One of the things that has long irritated me about descriptions/summaries and reviews of the 1928 Universal Picture The Man Who Laughs is that it is often dubbed a horror film when it is not, even by 1920s standards.
There are reasons, I suppose, that so many people classify it as horror. The number one reason being the grotesque Glasgow Smile permanently fixed on Gwynplaine’s face. Another good reason would be the use of shadows and grim scenery that are often so prominent in German Expressionist films of the era.
However when one watches The Man Who Laughs, they soon find out that it is not really a horror picture at all. It is, in fact, a drama—a love story, even.
Why The Man Who Laughs is Drama, Not Horror
I suppose my 21st century politically correct sensitivity gets the best of me when I become irritated at the idea that a person disfigured through no fault of his own is now considered one of the many icons of early horror.
Fun Fact (many of you may already know): Conrad Veidt’s portrayal of the character Gwynplaine in this film was the inspiration (at least looks-wise) for the Joker character in The Batman comics.
Gwynplaine is a tender and sensitive figure, not a scary and evil creature that inflicts harm upon others. Just because he is somewhat frightening to look at does not mean he is a frightening person. He cannot help the way he looks.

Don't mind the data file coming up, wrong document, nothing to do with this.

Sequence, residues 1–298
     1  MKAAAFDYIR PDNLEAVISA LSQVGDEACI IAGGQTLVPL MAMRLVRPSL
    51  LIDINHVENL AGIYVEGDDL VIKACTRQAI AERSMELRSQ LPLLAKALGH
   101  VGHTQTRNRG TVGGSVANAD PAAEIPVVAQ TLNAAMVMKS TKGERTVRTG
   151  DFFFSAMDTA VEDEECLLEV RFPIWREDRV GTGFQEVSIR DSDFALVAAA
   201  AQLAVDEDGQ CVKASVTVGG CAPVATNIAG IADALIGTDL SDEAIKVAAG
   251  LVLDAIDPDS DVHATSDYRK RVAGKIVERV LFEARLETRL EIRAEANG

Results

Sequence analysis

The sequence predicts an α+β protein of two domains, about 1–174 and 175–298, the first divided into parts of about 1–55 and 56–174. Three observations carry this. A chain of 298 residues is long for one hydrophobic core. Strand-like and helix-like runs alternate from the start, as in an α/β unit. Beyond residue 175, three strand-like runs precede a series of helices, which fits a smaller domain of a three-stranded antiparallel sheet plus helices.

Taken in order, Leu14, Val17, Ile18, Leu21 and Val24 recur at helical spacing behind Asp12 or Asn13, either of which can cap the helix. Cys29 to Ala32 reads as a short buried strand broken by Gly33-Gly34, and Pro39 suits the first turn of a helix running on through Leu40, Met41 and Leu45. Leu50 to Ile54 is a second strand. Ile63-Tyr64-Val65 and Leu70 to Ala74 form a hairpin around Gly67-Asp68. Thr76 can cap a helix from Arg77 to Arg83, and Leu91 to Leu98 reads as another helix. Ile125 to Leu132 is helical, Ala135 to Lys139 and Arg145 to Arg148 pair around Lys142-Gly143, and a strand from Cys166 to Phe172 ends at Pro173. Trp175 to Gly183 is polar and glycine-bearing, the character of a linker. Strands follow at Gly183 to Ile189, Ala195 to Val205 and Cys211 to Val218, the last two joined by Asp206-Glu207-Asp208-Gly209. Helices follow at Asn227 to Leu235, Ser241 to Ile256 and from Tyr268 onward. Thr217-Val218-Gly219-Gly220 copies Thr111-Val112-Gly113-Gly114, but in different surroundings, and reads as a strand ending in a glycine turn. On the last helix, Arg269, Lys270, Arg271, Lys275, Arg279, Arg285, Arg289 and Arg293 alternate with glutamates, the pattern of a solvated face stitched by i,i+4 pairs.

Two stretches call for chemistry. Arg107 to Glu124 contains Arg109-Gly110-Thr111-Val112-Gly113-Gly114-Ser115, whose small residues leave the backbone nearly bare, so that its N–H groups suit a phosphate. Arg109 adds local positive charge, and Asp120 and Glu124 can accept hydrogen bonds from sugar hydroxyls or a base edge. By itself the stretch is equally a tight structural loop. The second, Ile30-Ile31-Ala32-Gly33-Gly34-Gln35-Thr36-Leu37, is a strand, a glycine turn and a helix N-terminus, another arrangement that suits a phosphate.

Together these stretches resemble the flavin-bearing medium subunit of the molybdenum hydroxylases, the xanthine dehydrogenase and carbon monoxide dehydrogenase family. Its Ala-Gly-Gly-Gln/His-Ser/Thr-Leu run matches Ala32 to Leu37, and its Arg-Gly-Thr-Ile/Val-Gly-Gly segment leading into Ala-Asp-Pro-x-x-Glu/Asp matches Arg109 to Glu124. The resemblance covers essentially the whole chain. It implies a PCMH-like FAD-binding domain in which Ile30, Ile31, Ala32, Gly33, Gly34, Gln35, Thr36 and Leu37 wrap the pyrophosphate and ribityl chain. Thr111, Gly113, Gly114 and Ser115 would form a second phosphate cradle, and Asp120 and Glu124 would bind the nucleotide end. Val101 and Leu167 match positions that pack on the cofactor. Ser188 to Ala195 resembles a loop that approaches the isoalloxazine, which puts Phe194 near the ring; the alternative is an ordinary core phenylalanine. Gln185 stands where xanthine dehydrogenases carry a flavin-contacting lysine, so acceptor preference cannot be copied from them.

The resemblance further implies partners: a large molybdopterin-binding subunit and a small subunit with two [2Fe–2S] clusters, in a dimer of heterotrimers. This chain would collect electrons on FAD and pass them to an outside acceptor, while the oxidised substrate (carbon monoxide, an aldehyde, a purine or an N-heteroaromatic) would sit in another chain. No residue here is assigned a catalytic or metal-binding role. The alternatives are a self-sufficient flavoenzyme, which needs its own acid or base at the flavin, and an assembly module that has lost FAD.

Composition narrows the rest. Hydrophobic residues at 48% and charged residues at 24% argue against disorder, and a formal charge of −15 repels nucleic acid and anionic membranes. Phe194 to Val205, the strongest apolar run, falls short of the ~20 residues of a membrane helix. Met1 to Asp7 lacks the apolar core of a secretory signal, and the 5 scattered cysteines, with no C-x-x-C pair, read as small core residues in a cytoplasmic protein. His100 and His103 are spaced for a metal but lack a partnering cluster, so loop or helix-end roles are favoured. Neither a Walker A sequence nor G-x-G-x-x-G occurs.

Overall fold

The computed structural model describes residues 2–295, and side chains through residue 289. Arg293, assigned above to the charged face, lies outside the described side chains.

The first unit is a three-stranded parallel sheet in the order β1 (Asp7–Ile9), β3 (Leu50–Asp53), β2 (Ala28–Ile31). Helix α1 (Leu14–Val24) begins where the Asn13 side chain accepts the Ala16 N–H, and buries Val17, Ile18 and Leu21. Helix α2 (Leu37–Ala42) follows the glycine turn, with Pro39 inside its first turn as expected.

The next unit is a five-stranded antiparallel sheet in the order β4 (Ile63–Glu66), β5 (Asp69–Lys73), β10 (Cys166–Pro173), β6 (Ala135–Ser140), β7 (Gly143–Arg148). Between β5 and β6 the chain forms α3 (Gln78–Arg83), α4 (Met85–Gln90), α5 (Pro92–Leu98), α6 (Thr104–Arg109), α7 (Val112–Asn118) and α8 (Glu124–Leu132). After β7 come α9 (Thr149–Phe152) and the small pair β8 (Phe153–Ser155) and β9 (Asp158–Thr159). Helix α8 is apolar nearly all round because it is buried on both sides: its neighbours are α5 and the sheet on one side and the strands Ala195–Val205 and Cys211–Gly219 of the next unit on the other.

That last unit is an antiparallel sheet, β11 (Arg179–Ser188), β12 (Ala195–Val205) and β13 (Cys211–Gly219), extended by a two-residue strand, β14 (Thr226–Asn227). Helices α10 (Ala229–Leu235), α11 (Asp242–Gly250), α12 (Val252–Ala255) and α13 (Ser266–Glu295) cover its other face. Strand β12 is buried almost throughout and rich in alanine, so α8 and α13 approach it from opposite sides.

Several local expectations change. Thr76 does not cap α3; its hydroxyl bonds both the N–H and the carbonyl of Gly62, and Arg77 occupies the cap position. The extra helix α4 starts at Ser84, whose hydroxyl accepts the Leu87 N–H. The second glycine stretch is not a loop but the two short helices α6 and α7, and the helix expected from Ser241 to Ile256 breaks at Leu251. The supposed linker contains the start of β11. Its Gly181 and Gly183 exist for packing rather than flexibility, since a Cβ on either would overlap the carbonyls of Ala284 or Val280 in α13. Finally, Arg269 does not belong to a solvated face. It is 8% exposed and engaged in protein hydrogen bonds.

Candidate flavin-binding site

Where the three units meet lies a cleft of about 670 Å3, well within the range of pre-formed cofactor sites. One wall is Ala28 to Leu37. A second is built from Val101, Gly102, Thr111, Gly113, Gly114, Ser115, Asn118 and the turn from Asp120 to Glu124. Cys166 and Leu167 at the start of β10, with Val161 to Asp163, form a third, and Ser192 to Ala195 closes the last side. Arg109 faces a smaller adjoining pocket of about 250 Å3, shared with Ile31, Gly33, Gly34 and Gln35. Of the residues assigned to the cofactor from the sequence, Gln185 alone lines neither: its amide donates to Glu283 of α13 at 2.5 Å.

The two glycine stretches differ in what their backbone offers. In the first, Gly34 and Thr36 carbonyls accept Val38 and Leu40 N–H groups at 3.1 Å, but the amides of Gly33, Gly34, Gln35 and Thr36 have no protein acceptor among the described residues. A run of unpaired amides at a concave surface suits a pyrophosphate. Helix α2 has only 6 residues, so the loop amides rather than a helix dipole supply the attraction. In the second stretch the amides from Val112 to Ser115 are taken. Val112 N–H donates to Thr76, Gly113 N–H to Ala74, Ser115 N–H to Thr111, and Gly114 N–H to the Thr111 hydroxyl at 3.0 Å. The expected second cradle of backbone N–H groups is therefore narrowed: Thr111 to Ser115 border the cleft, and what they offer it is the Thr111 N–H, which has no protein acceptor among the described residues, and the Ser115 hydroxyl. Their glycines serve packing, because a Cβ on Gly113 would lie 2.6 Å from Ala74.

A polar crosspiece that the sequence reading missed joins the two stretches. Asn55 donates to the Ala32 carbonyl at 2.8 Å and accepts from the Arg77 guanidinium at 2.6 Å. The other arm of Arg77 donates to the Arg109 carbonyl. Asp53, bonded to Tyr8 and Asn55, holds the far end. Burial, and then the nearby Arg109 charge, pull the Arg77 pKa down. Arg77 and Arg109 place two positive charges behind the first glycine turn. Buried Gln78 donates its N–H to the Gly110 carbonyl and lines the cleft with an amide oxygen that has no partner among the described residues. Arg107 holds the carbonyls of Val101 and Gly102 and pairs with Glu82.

This is in stark contrast to characters, such as Max Schreck’s blood-sucking Count Orlok in the 1922 German expressionist horror classic, Nosferatu.
Gwynplaine does not intend any harm to anyone. He only wants to be loved and accepted—especially if that love and acceptance comes from the beautiful blind girl Dea, whom he found as an infant in the snow. While he craves Dea’s attention, which she willingly gives him, he feels that he does not deserve her love because of the way he looks.
His permanent smile and the way people point and laugh at him embarrasses him, and often brings him to tears.
Does that look like the description of a “horror” character to you?
The film highlights the early twentieth (and earlier) fear that some people had of physically and mentally handicapped people. And the story, which was adapted from the often overlooked Victor Hugo Novel, The Man Who Laughs, is actually quite sympathetic to those with disabilities.
The next time (or the first time) you watch The Man Who Laughs, do not watch it as the horror classic that it has often been dubbed as; instead, watch it as a beautiful, heart-wrenching drama and a love story between two beautiful, but “different” romantic leads.
Have you seen The Man Who Laughs? Do you feel that it is often misclassified as horror when it should be classified as drama? Let me know your thoughts by leaving a comment below.